Top French court bans drone surveillance in Paris for enforcing lockdown


France’s top court for administrative justice — Conseil d’État — banned the use of surveillance drones by the Paris police for tracking people in public areas who were flouting social distancing norms, citing privacy issues. Conseil d’État held that the use of drones by police will remain suspended until they are equipped with technology which makes it impossible to film people so that they can not be identified, or until the CNIL (Commission nationale de l’informatique et des libertés, France’s privacy regulator) allows such drone usage by a ministerial decree. Bloomberg first reported this.

The order came after France based advocacy organizations Human Rights League, and Quadrature du Net filed a lawsuit against such drone usage. “This decision is a major victory against drone surveillance. It sets as illegal any drone equipped with camera and flying low enough, as such a drone would allow the police to detect individuals by their clothing or a distinctive sign,” Quadrature du Net said in a statement. Both the organizations had initially approached Paris’s administrative court, but the court had rejected their prayer, according to Conseil d’État’s order.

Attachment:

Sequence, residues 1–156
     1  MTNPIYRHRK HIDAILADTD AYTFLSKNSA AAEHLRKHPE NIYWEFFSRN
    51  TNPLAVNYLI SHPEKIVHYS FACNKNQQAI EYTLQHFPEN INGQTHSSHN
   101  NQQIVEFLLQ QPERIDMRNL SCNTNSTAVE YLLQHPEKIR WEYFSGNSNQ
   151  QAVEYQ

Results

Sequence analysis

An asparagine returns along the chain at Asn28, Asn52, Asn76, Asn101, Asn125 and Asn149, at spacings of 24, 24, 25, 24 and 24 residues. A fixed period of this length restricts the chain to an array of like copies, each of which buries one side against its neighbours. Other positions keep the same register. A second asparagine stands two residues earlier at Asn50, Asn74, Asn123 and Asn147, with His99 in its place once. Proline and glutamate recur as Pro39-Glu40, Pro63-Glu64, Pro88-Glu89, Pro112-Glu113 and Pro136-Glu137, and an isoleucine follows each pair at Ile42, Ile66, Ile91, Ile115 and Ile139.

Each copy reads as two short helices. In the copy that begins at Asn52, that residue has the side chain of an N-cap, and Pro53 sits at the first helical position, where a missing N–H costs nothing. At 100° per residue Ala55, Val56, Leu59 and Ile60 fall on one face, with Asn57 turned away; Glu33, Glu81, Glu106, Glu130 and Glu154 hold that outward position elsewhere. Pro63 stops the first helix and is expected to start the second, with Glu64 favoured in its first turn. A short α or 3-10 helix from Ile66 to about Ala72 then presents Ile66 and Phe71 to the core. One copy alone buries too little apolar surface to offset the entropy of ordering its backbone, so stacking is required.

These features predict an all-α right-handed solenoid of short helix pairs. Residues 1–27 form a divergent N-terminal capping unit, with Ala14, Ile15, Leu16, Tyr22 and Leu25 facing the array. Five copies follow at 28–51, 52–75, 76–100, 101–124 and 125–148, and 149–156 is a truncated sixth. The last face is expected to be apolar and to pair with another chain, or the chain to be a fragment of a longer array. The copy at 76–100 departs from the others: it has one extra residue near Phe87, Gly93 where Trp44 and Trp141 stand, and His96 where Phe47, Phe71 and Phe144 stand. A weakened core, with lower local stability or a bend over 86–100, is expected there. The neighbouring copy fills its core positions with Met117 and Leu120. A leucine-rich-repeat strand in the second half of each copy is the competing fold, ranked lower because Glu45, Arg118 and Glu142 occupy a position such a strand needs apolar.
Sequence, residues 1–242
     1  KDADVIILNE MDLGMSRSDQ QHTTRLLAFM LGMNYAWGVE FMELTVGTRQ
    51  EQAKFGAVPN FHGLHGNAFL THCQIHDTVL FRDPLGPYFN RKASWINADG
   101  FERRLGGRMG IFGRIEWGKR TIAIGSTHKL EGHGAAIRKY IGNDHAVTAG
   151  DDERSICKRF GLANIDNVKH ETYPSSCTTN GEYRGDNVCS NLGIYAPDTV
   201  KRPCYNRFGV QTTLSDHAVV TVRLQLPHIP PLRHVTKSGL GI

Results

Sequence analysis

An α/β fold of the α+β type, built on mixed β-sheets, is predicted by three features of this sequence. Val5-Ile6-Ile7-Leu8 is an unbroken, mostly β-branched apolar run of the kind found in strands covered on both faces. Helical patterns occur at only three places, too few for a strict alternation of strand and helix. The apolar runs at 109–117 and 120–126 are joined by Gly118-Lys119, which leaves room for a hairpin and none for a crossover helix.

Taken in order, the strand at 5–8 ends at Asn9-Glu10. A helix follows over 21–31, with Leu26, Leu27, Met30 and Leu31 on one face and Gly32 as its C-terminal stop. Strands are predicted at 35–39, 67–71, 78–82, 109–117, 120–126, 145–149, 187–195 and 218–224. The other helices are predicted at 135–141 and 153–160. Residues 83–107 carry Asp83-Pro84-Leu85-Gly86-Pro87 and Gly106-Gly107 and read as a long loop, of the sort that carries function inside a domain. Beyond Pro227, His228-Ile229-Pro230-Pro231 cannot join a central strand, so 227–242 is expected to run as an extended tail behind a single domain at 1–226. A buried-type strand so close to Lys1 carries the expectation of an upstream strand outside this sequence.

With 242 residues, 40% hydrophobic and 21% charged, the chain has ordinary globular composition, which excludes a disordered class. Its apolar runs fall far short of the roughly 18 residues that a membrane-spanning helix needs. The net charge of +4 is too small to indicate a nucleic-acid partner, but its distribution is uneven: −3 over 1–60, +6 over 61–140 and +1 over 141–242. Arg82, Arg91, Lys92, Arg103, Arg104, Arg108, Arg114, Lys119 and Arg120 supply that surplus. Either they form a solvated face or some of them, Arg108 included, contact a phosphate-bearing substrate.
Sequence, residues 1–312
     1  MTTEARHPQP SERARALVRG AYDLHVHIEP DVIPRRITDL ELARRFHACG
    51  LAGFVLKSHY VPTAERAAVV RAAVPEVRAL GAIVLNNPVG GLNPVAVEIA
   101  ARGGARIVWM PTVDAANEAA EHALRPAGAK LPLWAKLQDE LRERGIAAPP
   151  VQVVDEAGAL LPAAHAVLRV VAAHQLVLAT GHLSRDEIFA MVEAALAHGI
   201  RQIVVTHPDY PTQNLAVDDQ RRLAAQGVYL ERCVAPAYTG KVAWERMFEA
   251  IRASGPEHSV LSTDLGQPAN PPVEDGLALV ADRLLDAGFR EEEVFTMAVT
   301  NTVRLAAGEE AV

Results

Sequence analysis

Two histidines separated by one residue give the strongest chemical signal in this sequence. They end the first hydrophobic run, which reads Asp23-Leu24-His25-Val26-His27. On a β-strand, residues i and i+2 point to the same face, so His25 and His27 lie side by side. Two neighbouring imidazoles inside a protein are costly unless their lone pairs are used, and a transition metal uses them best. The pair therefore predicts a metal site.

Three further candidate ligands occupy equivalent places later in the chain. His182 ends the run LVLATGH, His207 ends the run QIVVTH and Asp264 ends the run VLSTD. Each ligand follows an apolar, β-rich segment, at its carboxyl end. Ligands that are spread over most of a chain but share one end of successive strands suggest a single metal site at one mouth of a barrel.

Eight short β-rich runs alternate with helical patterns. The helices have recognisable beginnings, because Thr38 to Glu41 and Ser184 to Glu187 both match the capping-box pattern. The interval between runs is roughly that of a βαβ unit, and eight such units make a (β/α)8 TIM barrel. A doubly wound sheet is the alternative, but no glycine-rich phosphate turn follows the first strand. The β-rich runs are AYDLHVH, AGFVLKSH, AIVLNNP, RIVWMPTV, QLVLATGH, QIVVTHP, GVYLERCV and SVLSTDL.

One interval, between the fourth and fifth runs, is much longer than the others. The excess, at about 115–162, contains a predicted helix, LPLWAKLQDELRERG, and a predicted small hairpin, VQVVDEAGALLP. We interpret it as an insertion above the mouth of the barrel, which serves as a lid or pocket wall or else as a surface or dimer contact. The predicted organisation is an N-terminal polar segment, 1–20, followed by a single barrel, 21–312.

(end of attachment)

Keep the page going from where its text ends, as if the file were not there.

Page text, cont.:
France had been using drones since as early as March to track people violating social distancing norms, and the government, in a directive on May 14 (after the advocacy groups had filed the lawsuit), had said that drones were not used to identify people, but only to detect public gatherings to enforce the lockdown and disperse large gatherings of people. The state further said that the drones were flown at a height of 80 to 100 metres, and were not fitted with a memory card and thus could not capture and save images. The zoom function in the drone’s camera is also never activated, the state claimed.

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